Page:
The increasing popularity of women’s magazines throughout the 1800s, as well as periodical publishing, in general, developed simultaneously with an emerging mass consumer culture, as well as rapidly advancing printing technologies and expanding services of the federal post office. Especially within the latter half of the 1880s and 1890s, magazine publication and circulation became less expensive and more accessible. The Wylie House’s Peterson’s predates many of these advancements, including lowered postage for second class mailing (1885), the invention of the linotype machine (1884), photoengraving (1886), monotype (1886), photographic film (1888), large-scale color printing (1893), and free postal delivery in rural areas (1897).
Because of these breakthroughs, thousands of magazines publications were in circulation by the turn of the 20th century. As women’s magazine publication circuits expanded, so did advertising revenues and marketing strategies. These strategies, geared toward the middle class, domestic woman, recognized her as the primary purchaser of household goods. Within the museum’s Peterson’s, examples of publication efforts to emphasize clothing, cosmetic, and household products reveal this emerging shift in content. At the conclusion of each monthly issue, a section was devoted to the contact information of the magazine’s purchasing agent, so that women readers could send for patterns featured in the fashion sections, or a variety of other goods featured in the housekeeping sections. Each month new fashion advice and illustrations of dresses, coats, and accessories decorated the pages of Peterson’s. As the popularity of fashion periodicals, paper patterns, and home dress-making grew, the constant flow of new styles and fashionable silhouettes quickened. Much like today, the constant stream of new, in-trend fashions prompted women to regularly reimagine their wardrobes and reopen their pocketbooks. In this way, the goods marketed toward women in the magazines of the 19th century reveal the tastes, values, and desires of the readership, while also revealing the ways in which an emerging mass consumer culture was constructing and reconstructing these tastes, values, and desires on a monthly basis.
French fashion trends especially influenced the garments of American women. Like many other popular American woman’s fashion magazines, Peterson’s featured bound-in, colored French fashion plates. These beautiful works of art are noteworthy inclusions of the magazine, displaying the 19th century feminine ideal. Despite the impracticality of many of these designs for the varying lifestyles of women, Peterson’s French fashion plates, as well as the other garment illustrations in the magazine, are reflective of the styles worn by the women of the 1880s. During this time, the popular silhouette was one that emphasized the “natural” figure. The more tightly fitted skirts of the “princess line” dress required longer corsets that extended to the stomach. Just as women’s and men’s sphere became further defined a separate, the popular woman’s fashions of the era became increasingly restrictive.
While the content of most, primarily, sought to define women as the consumer and keeper of the household, the women’s magazine also opened opportunities for women, outside of the home. Furthermore, the popularity of these publications reflected the increased literacy and educational opportunities for women in the United States during the 19th century, largely due to the expansion of public support of education. By the end of the 19th century, many women were even seeking higher education. Not surprisingly, this came with substantial pushback that attempted to redefine women’s education as distinctively domestic. Still, many women did pursue professional work. Women’s magazines provided socially acceptable professional opportunities as writers and publishers, allowing women to actively influence and even control the content in publications like Peterson’s. Though these women often reinforced stereotypical gender roles and expectations in their writing, their careers exemplified the increasing autonomy of women within their changing worlds.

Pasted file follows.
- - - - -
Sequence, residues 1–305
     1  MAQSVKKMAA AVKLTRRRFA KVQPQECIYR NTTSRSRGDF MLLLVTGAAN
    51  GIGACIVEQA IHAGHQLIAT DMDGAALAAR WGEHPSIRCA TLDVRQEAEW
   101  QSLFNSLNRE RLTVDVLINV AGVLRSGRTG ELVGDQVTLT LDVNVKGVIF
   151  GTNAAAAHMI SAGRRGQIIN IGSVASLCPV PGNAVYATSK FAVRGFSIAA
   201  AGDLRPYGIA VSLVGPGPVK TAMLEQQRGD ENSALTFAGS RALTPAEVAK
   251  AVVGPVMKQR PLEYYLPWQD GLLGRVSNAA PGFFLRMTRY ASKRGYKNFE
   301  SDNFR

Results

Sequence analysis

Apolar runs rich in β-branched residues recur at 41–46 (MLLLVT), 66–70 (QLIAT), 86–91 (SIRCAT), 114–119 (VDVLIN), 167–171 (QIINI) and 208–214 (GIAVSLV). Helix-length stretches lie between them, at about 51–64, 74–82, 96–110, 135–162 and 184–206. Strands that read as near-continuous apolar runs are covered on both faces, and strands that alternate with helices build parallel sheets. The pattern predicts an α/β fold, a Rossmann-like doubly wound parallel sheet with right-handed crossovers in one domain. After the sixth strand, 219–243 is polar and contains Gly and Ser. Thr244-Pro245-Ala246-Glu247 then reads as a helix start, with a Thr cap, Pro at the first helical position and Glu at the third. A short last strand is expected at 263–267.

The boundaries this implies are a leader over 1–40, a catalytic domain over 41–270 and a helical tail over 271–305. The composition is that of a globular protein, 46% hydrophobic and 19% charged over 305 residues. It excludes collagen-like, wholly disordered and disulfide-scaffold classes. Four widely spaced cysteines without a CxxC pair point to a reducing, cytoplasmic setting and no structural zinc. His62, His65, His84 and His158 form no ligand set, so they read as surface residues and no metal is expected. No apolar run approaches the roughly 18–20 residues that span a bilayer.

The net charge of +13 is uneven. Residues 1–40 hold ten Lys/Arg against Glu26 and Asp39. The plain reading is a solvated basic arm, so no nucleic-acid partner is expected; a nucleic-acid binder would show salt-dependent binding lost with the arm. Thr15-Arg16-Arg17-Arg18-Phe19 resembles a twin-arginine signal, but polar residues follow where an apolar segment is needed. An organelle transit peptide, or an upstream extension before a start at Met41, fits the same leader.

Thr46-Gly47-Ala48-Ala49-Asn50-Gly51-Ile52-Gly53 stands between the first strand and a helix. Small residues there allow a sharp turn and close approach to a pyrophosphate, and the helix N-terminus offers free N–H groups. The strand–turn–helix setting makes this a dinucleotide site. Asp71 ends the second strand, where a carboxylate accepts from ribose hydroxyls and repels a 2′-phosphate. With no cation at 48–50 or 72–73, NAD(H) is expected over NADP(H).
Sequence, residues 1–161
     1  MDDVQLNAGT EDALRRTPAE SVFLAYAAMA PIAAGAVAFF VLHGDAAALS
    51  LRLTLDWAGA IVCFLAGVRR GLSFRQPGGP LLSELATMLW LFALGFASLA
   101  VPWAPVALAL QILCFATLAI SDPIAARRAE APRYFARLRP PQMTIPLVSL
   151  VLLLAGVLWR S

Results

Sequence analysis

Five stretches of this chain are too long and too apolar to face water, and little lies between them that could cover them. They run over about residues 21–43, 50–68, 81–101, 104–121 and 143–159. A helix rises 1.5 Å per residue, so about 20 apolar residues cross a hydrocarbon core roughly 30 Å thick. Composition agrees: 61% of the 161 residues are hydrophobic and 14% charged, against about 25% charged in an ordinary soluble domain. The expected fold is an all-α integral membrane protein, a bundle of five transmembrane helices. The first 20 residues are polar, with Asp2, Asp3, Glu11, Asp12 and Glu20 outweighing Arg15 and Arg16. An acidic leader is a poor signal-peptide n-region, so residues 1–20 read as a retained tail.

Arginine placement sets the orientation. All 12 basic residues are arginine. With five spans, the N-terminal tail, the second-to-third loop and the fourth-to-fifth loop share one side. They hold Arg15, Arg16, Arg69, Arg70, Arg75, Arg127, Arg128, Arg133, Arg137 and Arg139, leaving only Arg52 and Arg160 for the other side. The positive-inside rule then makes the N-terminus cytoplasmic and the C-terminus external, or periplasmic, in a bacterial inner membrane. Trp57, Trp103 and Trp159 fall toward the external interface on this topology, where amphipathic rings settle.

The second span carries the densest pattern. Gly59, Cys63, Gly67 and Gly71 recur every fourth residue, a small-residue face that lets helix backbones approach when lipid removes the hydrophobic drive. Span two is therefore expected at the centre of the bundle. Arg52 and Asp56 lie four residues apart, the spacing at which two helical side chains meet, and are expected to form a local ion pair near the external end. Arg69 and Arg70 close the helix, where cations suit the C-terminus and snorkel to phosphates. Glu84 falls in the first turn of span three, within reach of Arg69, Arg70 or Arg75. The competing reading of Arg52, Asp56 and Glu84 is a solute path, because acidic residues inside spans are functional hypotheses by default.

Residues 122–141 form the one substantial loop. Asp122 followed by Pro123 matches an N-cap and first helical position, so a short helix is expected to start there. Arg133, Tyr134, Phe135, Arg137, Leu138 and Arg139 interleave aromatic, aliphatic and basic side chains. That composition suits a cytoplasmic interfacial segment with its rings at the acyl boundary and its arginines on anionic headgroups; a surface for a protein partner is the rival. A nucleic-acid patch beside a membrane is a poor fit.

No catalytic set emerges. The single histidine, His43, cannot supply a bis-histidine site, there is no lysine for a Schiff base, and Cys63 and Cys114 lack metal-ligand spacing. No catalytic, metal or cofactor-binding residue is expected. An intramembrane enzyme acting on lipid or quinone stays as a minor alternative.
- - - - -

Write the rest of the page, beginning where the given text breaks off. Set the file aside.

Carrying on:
While the moralistic messages of the fiction and non-fiction of women’s magazines supported an ideology of separate spheres, the female staff members of these publications were far from constricted to the home. Highly successful female editors like Sarah Josepha Hale, editor of Ladies’ Magazine and Godey’s Lady’s Book, and Louisa Knapp Curtis, editor of The Ladies Home Journal, contributed significantly to the development of popular literature, literary change, and the presence of the female perspective within writing. Peterson’s employed many women writers, including Ann S. Stephens, who also served as an editor for the magazine. Stephen is best known for popularizing the dime novel and wrote over twenty-five novels, first printed in serial form and then in full-length volume.
Historic women’s magazines, like Peterson’s, embody an array of domestic and professional female experiences of the 19th century. Some women’s magazines even eventually provided a platform for writings on temperance and woman’s suffrage. Through the popularization of publications for women and, sometimes, by women, the desires and aspirations of women became increasingly culturally influential. An exciting addition to the Wylie House Museum, the 1881 Peterson’s Magazine book allow insights into the experiences of 19th century women and the dynamic medium of the women’s magazine.
This post was written by Mary Figueroa, January 30th, 2018
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MacLean, M. (2012, May 31). Ann Stephens. Retrieved from Civil War Women: https://www.civilwarwomenblog.com/ann-stephens/
Straus, D. (2014, September 25). Fashion, The High Life, and "The Duties of Married Females": 19th Century Fashion-Plate Magazines. Retrieved from New York Public Library: Fashion, The High Life, and "The Duties of Married Females": 19th Century Fashion-Plate Magazines
Women's History Blog. (2014). First Women Magazine Editors. Retrieved from History of American Women: http://www.womenhistoryblog.com/2014/08/first-women-magazine-editors.html